With changes in learning come expected new stresses on students, she said. With the anticipated stresses that accompany change, comes a continuing School commitment to student wellbeing, she added. As an example, the School has added a voluntary “Let’s Talk” program with a mental health professional to its resources for student success. And it will also offer resiliency training, the science of using skills like mindfulness and relaxation to effectively deal with stress and adversity whether in or beyond pharmacy school.
A milestone for the class of ’68
The Class of 1968 was honored at the Half Century Club Luncheon, which welcomed all alumni who graduated 50 years ago or earlier. The class graduated at a unique time in the history of the profession, Guglielmo noted, as pharmacists began the transformation from drug experts to experts in the safe and effective use of medications in patients.
Guglielmo inducted the 1968 graduates into the Half Century Club with a certificate and a medal. The graduates remembered tough quizzes, good friends, a student band, and Robert Day, PharmD ’59, a fellow Half Century Club member who was also a beloved professor. Day, who had a long career at the School, was remembered more than once by alumni for his “Christmas Spirits,” a class on elixir preparation that seemed to provide two definitions of the word “spirits.”
A reminder of the power of education
The weekend concluded on a high note at the UCSF Pharmacy Alumni Association (PAA) gala dinner as Kathleen B. Kennedy, PharmD ’78, dean of the College of Pharmacy, Xavier University of Louisiana, accepted the PAA’s 2018 Distinguished Alumnus of the Year Award. The award honors alumni who have made “outstanding contributions to the profession of pharmacy, to society, and/or to UCSF.”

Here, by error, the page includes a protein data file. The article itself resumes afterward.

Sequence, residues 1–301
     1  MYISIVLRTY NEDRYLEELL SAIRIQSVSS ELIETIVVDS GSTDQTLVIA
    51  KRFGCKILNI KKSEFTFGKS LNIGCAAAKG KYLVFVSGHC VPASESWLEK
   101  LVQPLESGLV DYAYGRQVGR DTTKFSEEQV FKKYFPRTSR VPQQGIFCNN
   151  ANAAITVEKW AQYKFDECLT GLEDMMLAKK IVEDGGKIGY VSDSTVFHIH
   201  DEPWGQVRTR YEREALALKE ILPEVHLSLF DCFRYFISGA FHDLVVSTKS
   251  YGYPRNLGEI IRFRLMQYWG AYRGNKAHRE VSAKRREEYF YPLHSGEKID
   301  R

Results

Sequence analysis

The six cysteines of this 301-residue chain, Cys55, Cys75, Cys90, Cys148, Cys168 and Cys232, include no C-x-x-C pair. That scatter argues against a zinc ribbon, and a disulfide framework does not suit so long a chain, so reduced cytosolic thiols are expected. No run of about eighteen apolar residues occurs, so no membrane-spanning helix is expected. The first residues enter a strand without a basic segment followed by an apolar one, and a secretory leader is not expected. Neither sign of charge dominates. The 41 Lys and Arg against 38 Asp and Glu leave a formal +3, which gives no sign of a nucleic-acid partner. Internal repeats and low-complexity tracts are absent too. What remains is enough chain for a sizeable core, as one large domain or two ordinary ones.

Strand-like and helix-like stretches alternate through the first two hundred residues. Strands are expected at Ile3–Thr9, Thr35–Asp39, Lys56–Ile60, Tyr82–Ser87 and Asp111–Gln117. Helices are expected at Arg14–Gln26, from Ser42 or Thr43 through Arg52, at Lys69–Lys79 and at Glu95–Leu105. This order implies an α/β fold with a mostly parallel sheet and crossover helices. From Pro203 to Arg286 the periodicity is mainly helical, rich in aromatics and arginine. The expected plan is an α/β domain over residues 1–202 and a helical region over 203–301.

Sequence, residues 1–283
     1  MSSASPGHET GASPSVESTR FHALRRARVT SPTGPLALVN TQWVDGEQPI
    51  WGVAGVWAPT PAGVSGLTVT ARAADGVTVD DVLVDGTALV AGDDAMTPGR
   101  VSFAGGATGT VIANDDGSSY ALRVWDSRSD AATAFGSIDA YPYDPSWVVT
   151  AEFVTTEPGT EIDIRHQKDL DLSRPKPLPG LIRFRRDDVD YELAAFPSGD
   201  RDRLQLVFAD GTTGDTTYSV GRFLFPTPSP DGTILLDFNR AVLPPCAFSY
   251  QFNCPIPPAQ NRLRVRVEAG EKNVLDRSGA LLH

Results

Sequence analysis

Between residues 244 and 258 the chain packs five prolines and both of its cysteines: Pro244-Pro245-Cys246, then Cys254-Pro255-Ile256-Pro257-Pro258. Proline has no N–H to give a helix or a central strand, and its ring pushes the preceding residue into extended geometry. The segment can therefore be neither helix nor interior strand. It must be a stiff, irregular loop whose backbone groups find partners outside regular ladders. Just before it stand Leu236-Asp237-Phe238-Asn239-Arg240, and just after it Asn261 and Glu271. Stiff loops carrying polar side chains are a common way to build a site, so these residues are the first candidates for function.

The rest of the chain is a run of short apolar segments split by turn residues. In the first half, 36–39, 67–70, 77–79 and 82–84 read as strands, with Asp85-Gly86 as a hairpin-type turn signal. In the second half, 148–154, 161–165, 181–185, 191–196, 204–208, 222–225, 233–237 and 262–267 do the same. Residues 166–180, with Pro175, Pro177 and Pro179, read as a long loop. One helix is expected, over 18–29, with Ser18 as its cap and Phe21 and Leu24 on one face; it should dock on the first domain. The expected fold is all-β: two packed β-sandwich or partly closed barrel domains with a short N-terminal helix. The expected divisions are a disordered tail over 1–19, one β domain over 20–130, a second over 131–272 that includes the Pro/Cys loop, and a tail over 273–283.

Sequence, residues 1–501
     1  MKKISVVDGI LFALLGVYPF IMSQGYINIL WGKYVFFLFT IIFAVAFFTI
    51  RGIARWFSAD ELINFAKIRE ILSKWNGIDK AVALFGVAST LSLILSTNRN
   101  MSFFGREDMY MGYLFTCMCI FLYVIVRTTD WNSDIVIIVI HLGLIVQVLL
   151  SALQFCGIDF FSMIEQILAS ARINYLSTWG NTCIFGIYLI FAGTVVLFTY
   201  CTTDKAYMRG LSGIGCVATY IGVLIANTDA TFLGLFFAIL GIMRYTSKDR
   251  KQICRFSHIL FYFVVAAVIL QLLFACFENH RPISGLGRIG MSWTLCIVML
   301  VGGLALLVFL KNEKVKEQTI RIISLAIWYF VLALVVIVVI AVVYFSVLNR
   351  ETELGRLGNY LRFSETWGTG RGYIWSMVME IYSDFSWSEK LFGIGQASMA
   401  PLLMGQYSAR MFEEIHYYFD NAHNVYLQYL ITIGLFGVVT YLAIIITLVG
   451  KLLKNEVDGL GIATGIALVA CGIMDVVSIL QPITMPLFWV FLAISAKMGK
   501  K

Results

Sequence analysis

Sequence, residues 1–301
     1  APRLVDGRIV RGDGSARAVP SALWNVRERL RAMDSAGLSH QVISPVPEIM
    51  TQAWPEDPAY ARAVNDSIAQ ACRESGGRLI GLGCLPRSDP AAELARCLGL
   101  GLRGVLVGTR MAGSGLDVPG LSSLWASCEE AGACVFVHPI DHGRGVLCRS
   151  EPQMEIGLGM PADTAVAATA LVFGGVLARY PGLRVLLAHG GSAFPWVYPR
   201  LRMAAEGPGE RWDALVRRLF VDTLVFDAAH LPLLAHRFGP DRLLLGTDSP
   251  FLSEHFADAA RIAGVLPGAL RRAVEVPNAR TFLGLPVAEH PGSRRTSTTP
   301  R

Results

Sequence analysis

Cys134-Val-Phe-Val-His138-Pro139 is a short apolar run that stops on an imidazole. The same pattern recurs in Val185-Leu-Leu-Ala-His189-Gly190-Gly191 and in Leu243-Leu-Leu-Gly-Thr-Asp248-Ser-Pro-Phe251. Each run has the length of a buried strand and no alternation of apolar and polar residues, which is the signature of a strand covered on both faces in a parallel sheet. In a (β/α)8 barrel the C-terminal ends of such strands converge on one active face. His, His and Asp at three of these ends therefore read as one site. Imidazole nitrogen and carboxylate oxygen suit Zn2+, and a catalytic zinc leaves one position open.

Kennedy, who is a national champion of health equity, gave a deeply personal and moving speech recounting her own journey in education, from grade school in the segregated South, to pharmacy school at UCSF. She reminded the audience of the power of pharmacy as a profession and explained how her life was changed through education.
Kennedy has spent her career extending the power of education to others and bringing health care to more people, especially the neglected and underserved.
Joining Kennedy at the gala were friends and colleagues, including her daughter, Dauri Kennedy; LaToya Cantrell, who took office in May as the first African American woman to serve as mayor of New Orleans; and Karen Carter Peterson, a Louisiana state senator.
“My mission,” Kennedy said, “is to get more people, my students in particular, to pay more attention to their breadth of life”—a term quoted from Martin Luther King Jr., which he defined as “outreach, and outward concern for the welfare of others.”
About the School: The UCSF School of Pharmacy aims to solve the most pressing health care problems and strives to ensure that each patient receives the safest, most effective treatments. Our discoveries seed the development of novel therapies, and our researchers consistently lead the nation in NIH funding. The School’s doctor of pharmacy (PharmD) degree program, with its unique emphasis on scientific thinking, prepares students to be critical thinkers and leaders in their field.